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Technical Announcement:
Streamflow Models Evaluated for Reliability and Application to Predicting Fish Health

Released: 4/19/2012 11:00:00 AM

Contact Information:
U.S. Department of the Interior, U.S. Geological Survey
Office of Communications and Publishing
12201 Sunrise Valley Dr, MS 119
Reston, VA 20192
Jennifer Murphy 1-click interview
Phone: 615-837-4712

Hannah Hamilton 1-click interview
Phone: 703-648-4356



A new USGS study found that streamflow characteristics critical to fish in the Tennessee River basin were estimated more accurately and precisely by a statistical model than a simulated hydrograph produced by a rainfall-runoff model.

Streamflow characteristics are summary statistics that describe timing, magnitude and duration aspects of streamflow.  Current conceptual models relating flow to ecology are strongly based on the use of streamflow characteristics. However until now, an evaluation of differing estimation methods, even on a small scale, had yet to be completed. 

In this USGS study, 19 ecologically relevant streamflow characteristics calculated from observed daily streamflows were compared to estimates from a statistical model and a rainfall-runoff model.  The statistical model was developed for the Tennessee and Cumberland River Valleys and is composed of 19 multivariate regression equations that each predicts a single streamflow characteristic.  The rainfall-runoff model was developed for the state of Kentucky and produces a simulated hydrograph from which the 19 streamflow characteristics are calculated.  Six sites with observed streamflow data occur within the geographic overlap of these two models – where the Tennessee and Cumberland River basins cross into Kentucky

When predictions from the models were compared to streamflow characteristics calculated from observed data, the statistical model produced more accurate and precise estimates than the rainfall-runoff model.  For the rainfall-runoff model, median departures (the median difference between predicted and observed values across all six sites) for 13 of 19 streamflow characteristics were greater than 30 percent.  Most of these median departures were between 30 percent and 50 percent and a few were greater than 100 percent.  In contrast, for the statistical model, median departures for only two characteristics were greater than 30 percent and 12 characteristics had median departures that were less than 10 percent.  Furthermore, the rainfall-runoff model either over or under predicted all six sites for eight streamflow characteristics.  Such biases are not as pronounced for the statistical model.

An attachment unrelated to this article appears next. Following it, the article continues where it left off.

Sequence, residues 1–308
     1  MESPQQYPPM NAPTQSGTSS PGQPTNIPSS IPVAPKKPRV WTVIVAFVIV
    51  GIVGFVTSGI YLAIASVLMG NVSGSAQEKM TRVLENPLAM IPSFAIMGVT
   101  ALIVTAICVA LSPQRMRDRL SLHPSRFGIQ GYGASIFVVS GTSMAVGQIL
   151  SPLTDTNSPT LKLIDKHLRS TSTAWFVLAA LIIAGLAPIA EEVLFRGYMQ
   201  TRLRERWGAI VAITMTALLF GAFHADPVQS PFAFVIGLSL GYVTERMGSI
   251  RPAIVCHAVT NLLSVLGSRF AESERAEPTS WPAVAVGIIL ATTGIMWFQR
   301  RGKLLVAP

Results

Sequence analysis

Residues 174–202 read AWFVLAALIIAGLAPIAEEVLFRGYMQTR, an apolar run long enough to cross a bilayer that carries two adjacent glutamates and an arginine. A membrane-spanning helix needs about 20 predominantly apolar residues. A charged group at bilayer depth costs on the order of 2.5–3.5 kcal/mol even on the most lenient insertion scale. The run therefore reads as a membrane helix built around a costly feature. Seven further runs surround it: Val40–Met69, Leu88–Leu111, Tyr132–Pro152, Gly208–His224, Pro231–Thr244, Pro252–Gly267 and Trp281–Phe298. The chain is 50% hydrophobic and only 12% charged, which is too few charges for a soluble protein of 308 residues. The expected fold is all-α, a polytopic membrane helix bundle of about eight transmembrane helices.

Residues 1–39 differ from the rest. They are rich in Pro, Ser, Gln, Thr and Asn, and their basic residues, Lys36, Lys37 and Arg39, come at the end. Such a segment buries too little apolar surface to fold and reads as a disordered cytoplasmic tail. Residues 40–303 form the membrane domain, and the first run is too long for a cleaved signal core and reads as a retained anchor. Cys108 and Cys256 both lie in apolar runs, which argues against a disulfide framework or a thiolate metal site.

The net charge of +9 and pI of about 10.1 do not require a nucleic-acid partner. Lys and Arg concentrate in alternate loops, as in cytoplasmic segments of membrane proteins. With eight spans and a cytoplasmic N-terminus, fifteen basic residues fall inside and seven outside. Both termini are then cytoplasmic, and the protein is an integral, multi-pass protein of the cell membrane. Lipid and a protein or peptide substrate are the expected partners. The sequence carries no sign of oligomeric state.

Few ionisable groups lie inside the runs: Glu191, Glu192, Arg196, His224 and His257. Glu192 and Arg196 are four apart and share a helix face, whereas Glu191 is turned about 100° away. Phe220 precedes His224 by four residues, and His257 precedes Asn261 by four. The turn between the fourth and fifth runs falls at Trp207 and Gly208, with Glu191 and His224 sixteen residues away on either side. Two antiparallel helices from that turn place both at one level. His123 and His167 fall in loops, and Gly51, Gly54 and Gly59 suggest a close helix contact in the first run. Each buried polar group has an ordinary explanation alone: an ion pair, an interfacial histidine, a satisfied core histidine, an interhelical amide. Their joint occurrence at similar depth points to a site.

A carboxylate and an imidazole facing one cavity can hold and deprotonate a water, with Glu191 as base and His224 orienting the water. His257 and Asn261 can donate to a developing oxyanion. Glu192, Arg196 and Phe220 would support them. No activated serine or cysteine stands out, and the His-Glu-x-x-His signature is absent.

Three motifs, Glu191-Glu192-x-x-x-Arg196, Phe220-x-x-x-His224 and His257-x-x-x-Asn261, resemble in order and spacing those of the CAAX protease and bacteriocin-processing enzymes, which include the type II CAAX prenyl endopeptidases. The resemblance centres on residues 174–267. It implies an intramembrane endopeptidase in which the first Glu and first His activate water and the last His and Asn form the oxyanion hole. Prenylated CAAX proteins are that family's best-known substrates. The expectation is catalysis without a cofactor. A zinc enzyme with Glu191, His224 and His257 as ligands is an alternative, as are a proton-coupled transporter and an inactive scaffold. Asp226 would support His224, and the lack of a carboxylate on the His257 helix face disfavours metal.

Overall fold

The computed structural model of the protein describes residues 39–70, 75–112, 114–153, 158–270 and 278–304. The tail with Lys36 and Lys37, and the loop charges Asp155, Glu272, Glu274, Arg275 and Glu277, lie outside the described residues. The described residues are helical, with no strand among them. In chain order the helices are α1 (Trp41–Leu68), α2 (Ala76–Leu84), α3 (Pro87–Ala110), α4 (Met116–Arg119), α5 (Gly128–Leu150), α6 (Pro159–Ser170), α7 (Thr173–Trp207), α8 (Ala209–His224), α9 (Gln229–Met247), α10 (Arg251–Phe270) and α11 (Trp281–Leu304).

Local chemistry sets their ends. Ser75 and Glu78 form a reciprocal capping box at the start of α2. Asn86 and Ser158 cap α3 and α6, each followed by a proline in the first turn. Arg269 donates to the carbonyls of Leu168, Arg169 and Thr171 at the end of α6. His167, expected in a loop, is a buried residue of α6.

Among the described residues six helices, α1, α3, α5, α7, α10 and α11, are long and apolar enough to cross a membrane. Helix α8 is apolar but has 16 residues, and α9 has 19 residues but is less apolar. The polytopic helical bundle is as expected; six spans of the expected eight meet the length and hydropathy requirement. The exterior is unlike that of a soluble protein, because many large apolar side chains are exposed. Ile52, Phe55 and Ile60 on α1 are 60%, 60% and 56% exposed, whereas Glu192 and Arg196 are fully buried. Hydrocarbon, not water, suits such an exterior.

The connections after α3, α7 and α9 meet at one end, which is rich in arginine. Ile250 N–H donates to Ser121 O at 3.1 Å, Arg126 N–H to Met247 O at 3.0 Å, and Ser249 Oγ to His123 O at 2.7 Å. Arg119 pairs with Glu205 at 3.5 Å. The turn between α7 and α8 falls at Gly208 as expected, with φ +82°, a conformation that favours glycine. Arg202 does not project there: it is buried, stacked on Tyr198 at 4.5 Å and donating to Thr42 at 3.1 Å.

These results suggest that when compared to a rainfall-runoff model, a statistical model is a better predictor of a range of streamflow characteristics, meaning the overall flow regime.  The rainfall-runoff model was calibrated on a single streamflow characteristic, mean daily discharge, whereas the statistical model was calibrated individually on all 19 streamflow characteristics.  Poor model performance may misrepresent hydrologic conditions, potentially distorting the perceived risk of ecological degradation.  Without prior selection of streamflow characteristics, targeted calibration, and error quantification, the widespread application of general hydrologic models to ecological flow studies should be approached with caution.


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